Canada's National Bird - Canada (Gray) Jay

Canada's National Bird - Canada (Gray) Jay
Posted on April 7, 2015 | Edward Farnworth | Written on April 7, 2015
Letter type:

Author's Note:

Author's Note:

Canada is looking for a national bird.  Canadians have been asked to cast their vote to help decide which feathered friend will be our national bird. 


The Federal Government has decided that Canada needs a national bird.  As a way of celebrating our 150th anniversary as a country in 2017, the plan is to declare an official national bird.  Leading up to this the Canadian Geographic Society has started a poll to determine what bird Canadians think should be “our bird.” Here are reasons why the Canada (Gray) Jay should become our national bird:

1)Found in all thirteen provinces and territories; it is only barely found in the U.S., in the Rocky Mt. region and Alaska;
2) A member of the corvid family, arguably the smartest birds on the planet;
3) Extremely friendly toward humans like all Canadians, often found panhandling on cross-country ski trails;
4) Very hardy like all Canadians, having highly adapted itself to living in very cold regions;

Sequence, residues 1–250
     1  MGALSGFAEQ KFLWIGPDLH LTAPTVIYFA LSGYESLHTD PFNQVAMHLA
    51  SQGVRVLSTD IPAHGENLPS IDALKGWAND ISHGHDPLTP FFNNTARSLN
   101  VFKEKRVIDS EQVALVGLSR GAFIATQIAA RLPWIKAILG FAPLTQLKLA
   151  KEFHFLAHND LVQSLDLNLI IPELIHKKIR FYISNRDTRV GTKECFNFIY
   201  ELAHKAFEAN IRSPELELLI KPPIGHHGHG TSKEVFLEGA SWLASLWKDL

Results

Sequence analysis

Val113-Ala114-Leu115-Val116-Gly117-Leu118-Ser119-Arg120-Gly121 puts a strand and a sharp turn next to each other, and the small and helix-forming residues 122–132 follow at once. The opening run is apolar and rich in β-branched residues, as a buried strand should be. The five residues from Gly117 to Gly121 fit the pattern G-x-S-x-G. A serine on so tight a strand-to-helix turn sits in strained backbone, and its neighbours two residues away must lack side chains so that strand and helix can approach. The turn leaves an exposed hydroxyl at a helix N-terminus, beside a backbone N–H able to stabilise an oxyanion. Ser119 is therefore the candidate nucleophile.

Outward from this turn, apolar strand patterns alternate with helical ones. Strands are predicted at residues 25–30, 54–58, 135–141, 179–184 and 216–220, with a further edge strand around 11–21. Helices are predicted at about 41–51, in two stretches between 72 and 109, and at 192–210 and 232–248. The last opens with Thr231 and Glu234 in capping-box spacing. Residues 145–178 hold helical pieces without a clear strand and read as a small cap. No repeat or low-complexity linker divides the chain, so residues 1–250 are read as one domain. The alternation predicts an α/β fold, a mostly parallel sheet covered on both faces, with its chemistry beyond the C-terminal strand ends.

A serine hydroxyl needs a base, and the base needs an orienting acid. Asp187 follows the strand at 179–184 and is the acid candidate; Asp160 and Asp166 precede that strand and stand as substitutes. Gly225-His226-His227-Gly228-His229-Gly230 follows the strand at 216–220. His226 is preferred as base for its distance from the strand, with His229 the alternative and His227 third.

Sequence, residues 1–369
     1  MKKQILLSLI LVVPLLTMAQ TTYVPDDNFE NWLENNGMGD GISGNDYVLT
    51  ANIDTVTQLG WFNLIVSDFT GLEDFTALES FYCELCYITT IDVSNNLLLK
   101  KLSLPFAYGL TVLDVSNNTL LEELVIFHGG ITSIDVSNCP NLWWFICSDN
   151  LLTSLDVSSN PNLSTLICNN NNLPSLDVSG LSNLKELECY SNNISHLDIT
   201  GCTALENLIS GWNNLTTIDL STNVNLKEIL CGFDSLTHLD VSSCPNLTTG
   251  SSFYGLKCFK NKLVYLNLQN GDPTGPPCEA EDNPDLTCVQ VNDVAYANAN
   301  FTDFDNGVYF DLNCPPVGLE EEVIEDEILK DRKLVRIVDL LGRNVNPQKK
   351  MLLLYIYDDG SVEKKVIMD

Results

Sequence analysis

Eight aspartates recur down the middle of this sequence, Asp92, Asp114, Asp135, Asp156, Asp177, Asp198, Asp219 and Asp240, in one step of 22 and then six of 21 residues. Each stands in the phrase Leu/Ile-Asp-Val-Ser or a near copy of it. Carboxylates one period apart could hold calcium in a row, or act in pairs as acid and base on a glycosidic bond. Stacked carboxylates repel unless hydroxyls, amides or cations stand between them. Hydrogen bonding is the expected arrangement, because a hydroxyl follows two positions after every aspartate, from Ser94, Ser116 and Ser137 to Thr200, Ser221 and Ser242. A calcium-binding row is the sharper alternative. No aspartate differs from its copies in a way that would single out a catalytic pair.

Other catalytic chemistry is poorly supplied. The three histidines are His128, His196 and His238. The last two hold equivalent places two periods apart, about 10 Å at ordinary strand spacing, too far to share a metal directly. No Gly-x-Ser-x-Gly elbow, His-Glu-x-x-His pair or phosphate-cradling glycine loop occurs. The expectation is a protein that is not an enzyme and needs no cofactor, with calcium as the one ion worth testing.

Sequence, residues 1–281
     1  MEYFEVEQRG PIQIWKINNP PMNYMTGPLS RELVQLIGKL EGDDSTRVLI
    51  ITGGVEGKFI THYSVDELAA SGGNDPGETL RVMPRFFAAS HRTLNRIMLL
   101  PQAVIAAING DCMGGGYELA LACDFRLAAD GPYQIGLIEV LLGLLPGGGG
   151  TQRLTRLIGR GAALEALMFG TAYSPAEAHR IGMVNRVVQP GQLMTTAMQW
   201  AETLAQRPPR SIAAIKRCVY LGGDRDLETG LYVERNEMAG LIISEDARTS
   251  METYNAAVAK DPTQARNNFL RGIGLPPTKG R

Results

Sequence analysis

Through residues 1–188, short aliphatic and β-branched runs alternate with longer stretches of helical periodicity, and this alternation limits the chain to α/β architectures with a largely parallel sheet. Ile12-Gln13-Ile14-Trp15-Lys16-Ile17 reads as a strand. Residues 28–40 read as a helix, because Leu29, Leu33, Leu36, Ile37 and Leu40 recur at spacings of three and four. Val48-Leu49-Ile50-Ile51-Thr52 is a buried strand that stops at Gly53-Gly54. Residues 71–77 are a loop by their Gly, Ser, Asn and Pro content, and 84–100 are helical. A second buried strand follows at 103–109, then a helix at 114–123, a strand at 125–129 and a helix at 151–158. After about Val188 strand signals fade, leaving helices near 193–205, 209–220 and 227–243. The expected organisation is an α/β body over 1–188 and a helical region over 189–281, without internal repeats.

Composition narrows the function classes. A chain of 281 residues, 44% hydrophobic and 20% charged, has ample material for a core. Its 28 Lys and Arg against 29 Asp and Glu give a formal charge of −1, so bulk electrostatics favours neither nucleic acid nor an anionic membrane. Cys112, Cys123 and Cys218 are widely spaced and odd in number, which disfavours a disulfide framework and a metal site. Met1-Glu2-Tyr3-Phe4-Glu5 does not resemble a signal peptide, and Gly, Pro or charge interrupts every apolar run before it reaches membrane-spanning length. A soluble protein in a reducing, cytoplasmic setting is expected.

5) Figures strongly in First Nations folklore, also called the whiskey jack;
6) Is not an endangered species and thus, not at risk of disappearing;
7) Figures prominently in the boreal forest ecological zone, constituting a vast portion of our country worthy of protection and under pressure from clear-cutting and oil and gas development;
8) Not a hunted species, so it is not shot by Canadians;
9) Not an official bird species for any of the 10 provinces and recognized territories nor any other country (common loon is Ontario’s bird; snowy owl is Quebec’s bird)
10) Formerly called the Canada jay by ornithologists; its French name is mésangeai du Canada and its Latin name is Perisoreus canadensis!)
11) Stays in Canada year-round
12) Not flamboyant in its appearance, best representing the conservative nature of Canadians!
13) Not regarded as an obnoxious or nuisance species (like the Canada goose which is culled in the U.S.!)
14) Cannot be confused with any other bird species (99.6 per cent of Canadians cannot tell the difference between a raven and a crow!)
15) Not a circumpolar species, i.e., not found in other northern countries (as are the snowy owl and raven)

You can vote for the Canada (Gray) Jay at the Canada Geographic Society web site:

Join the group promoting the Canada (Gray) Jay at our Facebook page:

About The Author

EdwardFarnworth's picture

Edward (Ted) Farnworth is a retired scientist who worked for the federal department of Agriculture. He enjoys writing, has a website Medicinal Food News that helps consumers understand the ever changing field of food... More